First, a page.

So it was decided to take the bag but leave it in the car.

I arrived at the hospital and was taken into a ward with other pregnant women being monitored for one reason or another. I was scanned (just to make sure baby was still breech), then I was given an injection to relax my womb to make the manipulation easier, and then taken into one of the ultrasound rooms.

The consultant began the ECV by pressing the bottom of my “bump” near to my pelvis and pushing up.  She told me he came out of my pelvis really easily and that was a good sign as that was usually the difficult part.  She then started moving her hands round one side of my bump, pushing baby round. This was the painful part, Hubby’s hand was being squeezed hard and I was gritting my teeth.

She managed to get baby half way round then he stopped and wouldn’t turn any further. She let go and he whipped back round to where he started.  The consultant tried again, this time with a little more force in the turning. I had tears rolling down my cheeks with the pain but wanted to persevere so I could have a natural birth. Again he went half way then stopped and whipped back round.  The third attempt was even more forceful and painful. In the end my husband told her to stop as he could see the pain in my face and didn’t think we should carry on.

The consultant thought it was the fact that he was frank breech that was causing the problem and had he not been he would have turned.

I was taken back to the ward for monitoring to make sure the procedure hadn’t brought on labour. I had 2 machines, one monitoring for contractions and one to monitor baby’s heart rate.

Due to the relaxant I had been given I couldn’t feel anything but we started to notice the machine monitoring contractions started to do something. Then the one monitoring baby’s heart rate started to drop. 144… 120… 100… 88… when it got to 77 Hubby said “Should baby’s heart rate be that low?”

A midwife was passing by, she whipped back the curtain, looked at the monitor and all hell broke loose. She hit the emergency call button, dropped the back of my bed and told me to lie on my left hand side. I could hear someone calling for the consultant who had done the EVC and heard the dreaded, “Stand by to prep theatre for an emergency section!”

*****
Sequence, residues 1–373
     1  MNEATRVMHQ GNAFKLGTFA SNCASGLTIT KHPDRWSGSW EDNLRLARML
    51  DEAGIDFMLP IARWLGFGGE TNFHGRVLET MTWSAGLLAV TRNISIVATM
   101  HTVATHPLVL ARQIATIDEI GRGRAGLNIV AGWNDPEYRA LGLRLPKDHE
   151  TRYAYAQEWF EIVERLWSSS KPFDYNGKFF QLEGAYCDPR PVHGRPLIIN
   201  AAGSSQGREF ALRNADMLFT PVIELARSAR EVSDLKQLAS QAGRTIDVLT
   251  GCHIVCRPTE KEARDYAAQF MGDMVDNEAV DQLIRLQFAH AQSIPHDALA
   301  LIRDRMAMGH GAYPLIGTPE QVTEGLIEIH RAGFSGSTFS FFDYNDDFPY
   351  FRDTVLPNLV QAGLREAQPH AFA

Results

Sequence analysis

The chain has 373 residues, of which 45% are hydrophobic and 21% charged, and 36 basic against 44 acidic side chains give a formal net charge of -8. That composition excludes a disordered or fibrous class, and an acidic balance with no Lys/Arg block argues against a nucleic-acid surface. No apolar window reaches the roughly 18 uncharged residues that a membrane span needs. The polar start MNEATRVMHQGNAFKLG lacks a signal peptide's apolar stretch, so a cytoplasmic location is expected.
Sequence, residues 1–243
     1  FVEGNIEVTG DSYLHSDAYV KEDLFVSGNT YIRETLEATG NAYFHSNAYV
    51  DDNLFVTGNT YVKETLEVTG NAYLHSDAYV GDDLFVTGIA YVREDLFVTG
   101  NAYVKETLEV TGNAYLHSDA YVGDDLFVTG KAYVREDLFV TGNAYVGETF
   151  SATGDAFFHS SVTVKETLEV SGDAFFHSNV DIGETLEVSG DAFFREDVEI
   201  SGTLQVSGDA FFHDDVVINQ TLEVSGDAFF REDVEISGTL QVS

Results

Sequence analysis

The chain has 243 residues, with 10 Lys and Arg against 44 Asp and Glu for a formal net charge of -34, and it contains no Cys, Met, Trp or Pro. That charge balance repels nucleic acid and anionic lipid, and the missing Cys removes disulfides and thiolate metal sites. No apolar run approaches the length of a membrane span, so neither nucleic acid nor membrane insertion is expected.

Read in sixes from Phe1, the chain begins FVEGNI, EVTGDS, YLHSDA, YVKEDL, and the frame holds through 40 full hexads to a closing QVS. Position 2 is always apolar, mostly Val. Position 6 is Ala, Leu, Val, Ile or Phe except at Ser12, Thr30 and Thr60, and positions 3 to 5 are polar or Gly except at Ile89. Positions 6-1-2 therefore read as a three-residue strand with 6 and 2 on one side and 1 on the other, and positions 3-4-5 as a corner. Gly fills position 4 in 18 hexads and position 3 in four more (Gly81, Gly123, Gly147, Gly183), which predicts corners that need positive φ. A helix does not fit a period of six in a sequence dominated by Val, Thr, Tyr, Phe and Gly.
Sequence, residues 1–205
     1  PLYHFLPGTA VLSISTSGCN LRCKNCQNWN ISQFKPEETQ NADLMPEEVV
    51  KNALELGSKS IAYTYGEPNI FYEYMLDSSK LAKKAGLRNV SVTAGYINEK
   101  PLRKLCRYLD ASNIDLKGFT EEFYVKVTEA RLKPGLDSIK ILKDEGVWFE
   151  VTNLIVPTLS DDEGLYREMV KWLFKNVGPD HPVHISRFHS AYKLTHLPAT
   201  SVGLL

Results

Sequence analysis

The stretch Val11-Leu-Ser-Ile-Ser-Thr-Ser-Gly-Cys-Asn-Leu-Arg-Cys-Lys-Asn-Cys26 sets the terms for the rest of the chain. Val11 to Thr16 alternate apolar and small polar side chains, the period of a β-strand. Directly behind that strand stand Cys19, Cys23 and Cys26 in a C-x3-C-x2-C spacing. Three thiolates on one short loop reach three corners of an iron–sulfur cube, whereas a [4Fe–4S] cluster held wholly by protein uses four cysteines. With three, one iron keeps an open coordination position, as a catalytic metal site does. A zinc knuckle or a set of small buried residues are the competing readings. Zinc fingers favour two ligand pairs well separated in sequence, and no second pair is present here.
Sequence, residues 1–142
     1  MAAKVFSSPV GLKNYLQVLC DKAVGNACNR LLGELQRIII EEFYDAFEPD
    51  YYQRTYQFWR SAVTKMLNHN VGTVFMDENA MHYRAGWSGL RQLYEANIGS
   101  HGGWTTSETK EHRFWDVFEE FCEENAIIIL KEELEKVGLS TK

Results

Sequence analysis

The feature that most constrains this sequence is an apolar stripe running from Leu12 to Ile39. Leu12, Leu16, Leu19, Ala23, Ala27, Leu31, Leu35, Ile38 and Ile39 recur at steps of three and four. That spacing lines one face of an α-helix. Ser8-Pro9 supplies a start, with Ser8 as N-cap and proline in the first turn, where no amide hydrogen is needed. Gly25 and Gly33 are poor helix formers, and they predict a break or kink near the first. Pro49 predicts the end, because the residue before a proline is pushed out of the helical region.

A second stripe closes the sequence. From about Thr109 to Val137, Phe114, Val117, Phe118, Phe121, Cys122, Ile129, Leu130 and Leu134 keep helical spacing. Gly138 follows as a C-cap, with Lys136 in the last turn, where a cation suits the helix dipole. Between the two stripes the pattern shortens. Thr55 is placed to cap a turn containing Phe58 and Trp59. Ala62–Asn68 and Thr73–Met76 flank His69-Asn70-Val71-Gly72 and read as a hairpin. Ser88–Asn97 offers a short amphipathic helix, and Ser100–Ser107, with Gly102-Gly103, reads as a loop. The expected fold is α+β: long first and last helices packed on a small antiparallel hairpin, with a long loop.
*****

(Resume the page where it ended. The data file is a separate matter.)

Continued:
Panic was not the word!  The consultant came in and baby’s heart rate started to climb. It went from mad panic to quietly watching the number climbing. It eventually came back up to 140 and I was told I would have to be monitored for another 2 hours before they would be happy to let me home.  Thankfully all was ok. I was booked in for my section a week later and sent home.

I was disappointed the ECV didn’t work. It took me a while to accept that I wouldn’t get the experience I wanted but at the end of the day I knew it was what was best for me and my baby.

I do still sometimes feel that I have “missed out”. I have a beautiful little boy but I haven’t “given birth” and circumstances dictate that I won’t be having another baby so I won’t ever feel my waters break or know what a contraction feels like so I do feel a bit cheated, but I am glad I tried the ECV.

As for what happened when I went for my section, that’s another story…!

Thank you Hilary! But so cruel to get us this far and then leave us hanging! I look forward to the next instalment of your birth story xx

Did you have an ECV? Was it successful or, like Hilary, did you have to go on and have a planned C-section?